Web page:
LOS­ING ONE­SELF IN VENICE

It is not just the Bi­en­nale per se, then, but a civic web com­posed of in­nu­mer­able artis­tic paths, in­clud­ing pres­tige shows in his­toric palaces in which the in­nate propen­sity of Vene­tians for con­tem­po­rary art re­veals it­self in all its force and cre­ativ­ity.

One of these is Palazzo For­tuny, the res­i­dence-mu­seum of the ge­nial Mar­i­ano For­tuny—an eclec­tic cre­ator who worked with pho­tog­ra­phy, theater de­sign, tex­tile cre­ations and paint­ing— which since 1975 has con­sti­tuted one of the fun­da­men­tal ref­er­ences in Venice re­gard­ing vis­ual art.

A mag­nif­i­cent ex­am­ple of Vene­tian Gothic ar­chi­tec­ture, the palace was built at the end of the 15th cen­tury by the no­ble Pe­saro fam­ily; Mar­i­ano For­tuny bought it in the be­gin­ning of the 20th cen­tury in or­der to make it his stu­dio. After his death, his wife Hen­ri­etta do­nated the palace, which care­fully pre­served Mar­i­ano’s tex­tiles and col­lec­tions, to the city of Venice, which made it a place ded­i­cated to ex­per­i­men­ta­tion and in­no­va­tion, in homage to the spirit and cul­ture of the fa­mous pro­pri­etor.

The palazzo serves as the back­drop for mar­velous, must-see ex­hi­bi­tions, and its set­ting nat­u­rally high­lights and gives added depth to each dis­play, gen­er­at­ing a pos­i­tive en­ergy per­haps in­flu­enced by the golden pro­por­tions that are un­con­sciously in­her­ent in each one. The his­toric spa­ces have been com­pletely ren­o­vated and en­hanced by an eclec­tic charge of en­ergy in the de­sign: this is also the case with Palazzo Grassi-punta della Do­gana, which has re­cently re­in­forced its own pres­ence in the artis­tic and cul­tural life of Venice with a new struc­ture en­tirely ded­i­cated to con­fer­ences, en­coun­ters, pro­jec­tions and con­certs.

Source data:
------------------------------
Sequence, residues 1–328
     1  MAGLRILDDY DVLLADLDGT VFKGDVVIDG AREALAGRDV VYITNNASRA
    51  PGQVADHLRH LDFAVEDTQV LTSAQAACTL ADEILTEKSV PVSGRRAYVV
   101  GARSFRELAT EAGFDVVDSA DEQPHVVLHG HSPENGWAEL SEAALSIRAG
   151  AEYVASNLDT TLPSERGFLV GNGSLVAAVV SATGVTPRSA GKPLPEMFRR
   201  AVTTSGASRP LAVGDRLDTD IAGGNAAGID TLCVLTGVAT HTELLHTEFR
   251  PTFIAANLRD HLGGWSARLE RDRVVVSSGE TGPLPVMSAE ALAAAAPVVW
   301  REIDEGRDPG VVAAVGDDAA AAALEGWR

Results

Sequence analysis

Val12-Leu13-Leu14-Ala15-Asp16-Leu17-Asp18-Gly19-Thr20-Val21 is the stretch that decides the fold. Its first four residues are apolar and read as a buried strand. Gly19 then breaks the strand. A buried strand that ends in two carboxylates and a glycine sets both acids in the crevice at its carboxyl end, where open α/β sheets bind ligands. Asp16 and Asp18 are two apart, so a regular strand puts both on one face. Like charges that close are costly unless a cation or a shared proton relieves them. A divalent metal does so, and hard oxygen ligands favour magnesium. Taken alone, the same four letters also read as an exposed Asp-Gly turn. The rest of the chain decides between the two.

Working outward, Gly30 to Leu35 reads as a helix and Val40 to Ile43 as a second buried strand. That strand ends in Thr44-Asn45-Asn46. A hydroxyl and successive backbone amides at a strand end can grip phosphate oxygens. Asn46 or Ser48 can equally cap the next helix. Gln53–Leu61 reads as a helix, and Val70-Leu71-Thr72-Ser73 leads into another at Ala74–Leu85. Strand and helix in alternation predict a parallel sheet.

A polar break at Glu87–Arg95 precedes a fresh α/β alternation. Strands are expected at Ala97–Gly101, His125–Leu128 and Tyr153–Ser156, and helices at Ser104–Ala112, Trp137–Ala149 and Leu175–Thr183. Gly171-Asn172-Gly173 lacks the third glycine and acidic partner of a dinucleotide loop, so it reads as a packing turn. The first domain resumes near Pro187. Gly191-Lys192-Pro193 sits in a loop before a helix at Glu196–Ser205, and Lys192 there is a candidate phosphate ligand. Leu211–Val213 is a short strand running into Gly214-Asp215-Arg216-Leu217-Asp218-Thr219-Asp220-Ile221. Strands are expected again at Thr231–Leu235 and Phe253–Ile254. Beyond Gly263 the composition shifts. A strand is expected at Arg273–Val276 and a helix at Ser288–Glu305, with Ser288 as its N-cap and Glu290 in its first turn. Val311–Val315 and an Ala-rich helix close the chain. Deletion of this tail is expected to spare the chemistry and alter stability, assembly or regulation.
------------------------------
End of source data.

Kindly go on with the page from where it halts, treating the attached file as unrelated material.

After the restora­tion of Palazzo Grassi in 2006, fol­lowed by that of the Punta della Do­gana, in­au­gu­rated in 2009, the re­cov­ery in 2013 of what had as­sumed the name of the Teatrino, or “lit­tle theater,” sig­naled the third step of François Pin­ault’s grand cul­tural project in Venice.

This com­plex operation, car­ried out by the ar­chi­tect Tadao Ando, in­serts it­self in a logic of ar­chi­tec­tural con­ti­nu­ity with re­spect to the pre­vi­ous restora­tions. With an area of 1,000 square me­ters

„Ca’ Gius­tinian“, Bi­en­nale di Venezia

Roberto Cuoghi , Belinda.

(10,764 square feet), the Teatrino has an au­di­to­rium with a ca­pac­ity of 225 places, with a foyer and var­i­ous tech­ni­cal ar­eas (dress­ing rooms, di­rec­tor’s room, booth for si­mul­ta­ne­ous trans­la­tion, etc.).

It is a place of ex­change and en­counter, open to the city and fur­nished with the best tech­no­log­i­cal con­di­tions (espe­cially in its acous­tics) and com­fort, thanks to which a pro­gram of cul­tural ac­tiv­i­ties was sub­se­quently de­vel­oped in­volv­ing en­coun­ters with artists, con­fer­ences, lec­tures, per­for­mances and pro­jec­tions of art films.

Venice is also, and above all, di­a­logue, in all its forms, such as that which brings to­gether con­tem­po­rary art and the mil­lenary tra­di­tion of glass­mak­ing, through the in­volve­ment of im­por­tant in­ter­na­tional artists in Mu­rano, which has made of this ex­tra­or­di­nary mat­ter an in­ter­na­tional bas­tion. It’s called Glasstress, a suc­cess­ful ini­tia­tive born in 2009 in the mind of Adri­ano Berengo, and it’s a project of con­sid­er­able reach cu­rated by Dim­itri Oz­erkiv and Adri­ano Berengo, whose pro­tag­o­nists are the Her­mitage Mu­seum in Saint Peters­burg, The Berengo Foun­da­tion, and Berengo Stu­dios in Venice, with the col­lab­o­ra­tion of the Foun­da­tion of Civic Mu­se­ums of Venice and the Ital­ian Her­mitage. www.for­tuny.vis­it­muve.it www.palaz­zo­grassi.it

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Chris­tine Ma­cel, chief cu­ra­tor of the Pom­pi­dou Cen­ter in Paris and the cu­ra­tor of this year’s Venice Bi­en­nale.

Gior­gio An­dreotta Calò, Me­dusa. Roberto Cuoghi, Hy­dra. Gior­gio An­dreotta Calò, Shell.